in Freelancing

My first Internet dollar(s)

I’ve alluded to my goal of becoming a self-sufficient, location-independent freelancer (or digital nomad, if you will) in the past. Unfortunately, I’ve been finding it difficult to devote much of my time to this particular cause as I’ve been focusing my efforts on finishing my research and writing my thesis so I can graduate before Christmas. I have a lot to do, and, unfortunately, that’s meant that any progress toward building up my freelancing skills or working on my online business has been put on an indefinite hold.

I was cautiously suspicious, then, when I received one email in particular late last week.

The subject was short:

“Your photo was sold.”

I did a double take.

Nope. Still there.

Hmm. Must be spam.

But no, it was the real deal.

Someone had purchased one of my photos from 500px, and in the process, I had made my first internet dollar.

As an aspiring freelancer, I always imagined my first sale would be a huge milestone, only to be achieved after putting in hours of blood sweat and tears. While it was still a huge achievement, it hadn’t really required any effort on my part.

Sure, I only made $24.50, and, yes, photography isn’t the niche I see myself focusing on as a freelancer, but a sale is a sale, and this one was made with zero marketing effort. For an aspiring digital nomad, that’s pretty motivating.

I’ve got a long way to go, but I thought I’d reflect on my first sale to see if I could learn anything:

1.   People are willing to pay you for the things you’re good at

Obvious, yes, but until someone has bought something you’ve created, it’s easy to think otherwise.

One of the biggest obstacles to launching a career as an online freelancer is self-doubt. No matter how much I’ve practiced or studied a specific skill, I still found myself questioning whether I was ready for the big leagues. Sure, maybe I aced my online copywriting class, practised for hours on end, and received praise from every peer that critiqued my work, but I can’t possibly be good enough to actually get paid for it, right?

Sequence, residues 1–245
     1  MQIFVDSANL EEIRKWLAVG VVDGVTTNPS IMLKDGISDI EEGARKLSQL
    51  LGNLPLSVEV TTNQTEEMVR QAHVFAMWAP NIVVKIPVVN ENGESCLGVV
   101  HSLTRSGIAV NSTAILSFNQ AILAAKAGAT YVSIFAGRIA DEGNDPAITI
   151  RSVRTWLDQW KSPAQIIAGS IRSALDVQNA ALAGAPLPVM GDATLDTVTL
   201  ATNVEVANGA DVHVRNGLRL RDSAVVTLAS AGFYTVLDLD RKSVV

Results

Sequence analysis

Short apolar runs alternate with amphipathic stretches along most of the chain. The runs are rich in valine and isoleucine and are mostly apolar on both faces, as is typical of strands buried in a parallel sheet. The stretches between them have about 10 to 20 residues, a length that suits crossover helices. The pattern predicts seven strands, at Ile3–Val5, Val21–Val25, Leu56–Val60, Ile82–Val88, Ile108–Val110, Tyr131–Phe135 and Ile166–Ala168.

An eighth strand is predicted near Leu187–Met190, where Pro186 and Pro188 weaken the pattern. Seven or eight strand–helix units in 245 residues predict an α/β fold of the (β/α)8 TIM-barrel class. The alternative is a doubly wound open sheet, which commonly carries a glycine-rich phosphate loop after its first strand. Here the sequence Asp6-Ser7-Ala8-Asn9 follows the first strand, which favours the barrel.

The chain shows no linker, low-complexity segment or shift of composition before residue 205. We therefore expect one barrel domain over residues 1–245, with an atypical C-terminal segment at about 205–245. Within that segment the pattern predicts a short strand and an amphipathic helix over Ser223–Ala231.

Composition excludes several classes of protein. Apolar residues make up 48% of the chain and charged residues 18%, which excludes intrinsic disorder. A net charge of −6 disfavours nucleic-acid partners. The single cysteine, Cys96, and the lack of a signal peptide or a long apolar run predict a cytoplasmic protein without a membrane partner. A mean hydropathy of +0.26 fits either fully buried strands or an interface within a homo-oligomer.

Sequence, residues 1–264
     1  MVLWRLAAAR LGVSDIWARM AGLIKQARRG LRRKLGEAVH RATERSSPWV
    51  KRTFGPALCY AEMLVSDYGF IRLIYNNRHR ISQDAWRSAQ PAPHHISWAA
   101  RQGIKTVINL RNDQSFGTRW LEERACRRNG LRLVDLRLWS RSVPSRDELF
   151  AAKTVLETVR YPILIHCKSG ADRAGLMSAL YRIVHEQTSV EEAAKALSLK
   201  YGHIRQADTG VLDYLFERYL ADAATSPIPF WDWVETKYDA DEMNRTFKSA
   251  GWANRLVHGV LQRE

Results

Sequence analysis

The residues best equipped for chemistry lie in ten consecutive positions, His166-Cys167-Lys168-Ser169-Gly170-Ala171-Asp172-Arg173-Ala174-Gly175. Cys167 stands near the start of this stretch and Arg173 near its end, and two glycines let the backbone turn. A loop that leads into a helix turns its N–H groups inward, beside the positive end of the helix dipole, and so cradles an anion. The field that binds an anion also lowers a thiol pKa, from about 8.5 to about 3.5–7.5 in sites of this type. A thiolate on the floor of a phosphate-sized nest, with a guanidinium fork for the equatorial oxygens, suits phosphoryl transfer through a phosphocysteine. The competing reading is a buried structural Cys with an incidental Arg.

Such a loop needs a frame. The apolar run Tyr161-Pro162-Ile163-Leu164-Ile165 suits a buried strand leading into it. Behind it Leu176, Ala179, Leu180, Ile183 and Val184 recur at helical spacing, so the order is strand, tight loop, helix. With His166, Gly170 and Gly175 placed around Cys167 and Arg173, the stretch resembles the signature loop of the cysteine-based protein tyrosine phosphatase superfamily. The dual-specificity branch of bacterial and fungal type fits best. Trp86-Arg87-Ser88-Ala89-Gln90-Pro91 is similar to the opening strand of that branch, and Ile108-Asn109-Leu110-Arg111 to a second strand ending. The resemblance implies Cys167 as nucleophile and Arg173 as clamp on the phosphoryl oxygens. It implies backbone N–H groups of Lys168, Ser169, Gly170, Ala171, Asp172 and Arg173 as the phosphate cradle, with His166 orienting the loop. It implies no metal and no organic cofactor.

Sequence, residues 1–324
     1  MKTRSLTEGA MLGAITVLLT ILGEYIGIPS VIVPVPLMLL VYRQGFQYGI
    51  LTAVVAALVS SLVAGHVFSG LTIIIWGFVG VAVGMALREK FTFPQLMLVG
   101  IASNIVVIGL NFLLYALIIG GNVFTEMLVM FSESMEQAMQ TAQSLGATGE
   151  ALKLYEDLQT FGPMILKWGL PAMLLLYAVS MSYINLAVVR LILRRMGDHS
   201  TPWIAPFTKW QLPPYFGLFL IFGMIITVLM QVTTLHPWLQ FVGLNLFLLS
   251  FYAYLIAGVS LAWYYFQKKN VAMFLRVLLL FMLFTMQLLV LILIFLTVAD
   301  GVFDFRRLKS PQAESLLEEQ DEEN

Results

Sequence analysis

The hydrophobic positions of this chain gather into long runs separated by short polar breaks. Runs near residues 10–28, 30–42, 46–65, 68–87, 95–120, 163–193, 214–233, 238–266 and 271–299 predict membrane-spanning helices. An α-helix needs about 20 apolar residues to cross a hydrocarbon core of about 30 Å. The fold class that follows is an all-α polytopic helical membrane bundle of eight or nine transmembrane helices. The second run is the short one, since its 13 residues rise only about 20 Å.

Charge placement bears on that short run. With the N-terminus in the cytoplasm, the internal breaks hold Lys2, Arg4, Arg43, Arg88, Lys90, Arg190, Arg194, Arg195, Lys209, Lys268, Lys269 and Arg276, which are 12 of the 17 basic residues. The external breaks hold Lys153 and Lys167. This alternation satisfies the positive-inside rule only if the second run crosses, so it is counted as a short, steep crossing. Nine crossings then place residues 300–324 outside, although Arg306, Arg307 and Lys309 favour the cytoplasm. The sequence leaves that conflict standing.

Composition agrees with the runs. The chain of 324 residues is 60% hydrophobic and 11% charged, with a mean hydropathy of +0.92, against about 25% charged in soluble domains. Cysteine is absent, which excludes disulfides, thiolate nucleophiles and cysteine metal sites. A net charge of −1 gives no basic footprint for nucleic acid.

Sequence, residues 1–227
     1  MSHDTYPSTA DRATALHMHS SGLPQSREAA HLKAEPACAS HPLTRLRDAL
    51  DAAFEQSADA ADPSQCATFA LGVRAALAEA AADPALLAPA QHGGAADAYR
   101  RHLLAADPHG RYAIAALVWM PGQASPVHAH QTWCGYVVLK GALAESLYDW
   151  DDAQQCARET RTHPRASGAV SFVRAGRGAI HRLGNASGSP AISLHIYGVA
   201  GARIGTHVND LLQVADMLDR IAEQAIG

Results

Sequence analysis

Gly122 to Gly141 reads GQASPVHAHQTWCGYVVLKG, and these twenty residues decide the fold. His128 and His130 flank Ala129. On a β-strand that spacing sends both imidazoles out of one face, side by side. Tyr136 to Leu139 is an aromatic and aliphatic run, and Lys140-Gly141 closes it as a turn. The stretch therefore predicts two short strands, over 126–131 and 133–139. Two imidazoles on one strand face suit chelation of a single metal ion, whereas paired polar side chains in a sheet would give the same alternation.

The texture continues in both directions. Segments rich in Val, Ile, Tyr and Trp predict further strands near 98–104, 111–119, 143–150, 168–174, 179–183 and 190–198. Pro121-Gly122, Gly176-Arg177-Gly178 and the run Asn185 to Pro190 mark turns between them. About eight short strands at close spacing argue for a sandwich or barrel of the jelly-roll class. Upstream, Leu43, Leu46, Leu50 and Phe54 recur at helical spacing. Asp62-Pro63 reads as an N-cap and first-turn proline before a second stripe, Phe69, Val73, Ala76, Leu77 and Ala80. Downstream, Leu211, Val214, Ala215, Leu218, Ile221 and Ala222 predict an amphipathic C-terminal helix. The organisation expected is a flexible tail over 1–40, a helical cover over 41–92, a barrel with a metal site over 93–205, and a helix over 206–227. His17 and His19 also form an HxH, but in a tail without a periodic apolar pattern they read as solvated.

Even though I don’t see myself making a viable income off my photography, simply knowing that there are people out there who are willing to drop hard-earned cash for something that I made is hugely motivating.

2.   A hobby can be a viable source of supplementary income

I’m not saying I should quit my day job (I’d have to get one first…), but I am saying that a hobby can be a viable way to earn a little extra money on the side.

I’m by no means a professional photographer, but I do enjoy tinkering with my camera in my spare time, so why not let others pay me to do that?

By placing some of my better photos on 500px, I’m not guaranteeing a paycheck, but at least my work is out there. If someone thinks it’s worth paying for, they can do that at a click of a button. The cost to me is minimal: I uploaded the exact same image to 500px that I had previously shared with friends and family. I added some tags to make it easier to find and that was it.

If you have a hobby that can be easily shared with an online audience, then by all means, find a marketplace for it and put it out there. Even if you’re already an established freelancer, you never know who might be willing to pay for the things you do in your spare time.

3.   Diversify your opportunities; narrow your focus

One of the very first challenges aspiring online freelancers face is the act of picking a service to offer (the self-doubt comes later). Do I go into SEO writing or Google Analytics? What about copywriting, or maybe web design? Which skillset is right for me?

There’s probably no right or wrong answer here; if someone else is doing it, so can you. But if you haven’t already invested a lot of time going down one avenue, I suggest you try as many different niches as possible (figuring out what you’re not good at is just as valuable as figuring out where you shine).

I recommend starting with what comes naturally to you. What are your hobbies? Are other people making money online doing the same thing?

If you’re into phototypography, like I am, then it makes sense to upload your best work to stock photography websites; if you love to write, start a blog or offer to write for one of your favourite online publications.

Do these things because you’d be doing them anyway, even if you weren’t sharing the fruits of your labour with anyone else.

Once you think you’ve found a niche that you enjoy and excel at, go after it! But don’t abandon those side projects just yet.The little wins and affirmations that come as a result of your hobbies will fuel your drive and provide you with motivation when things aren’t going so grand with your main business.

Do you remember your first sale, or are you still waiting for the windfall? Let me know!

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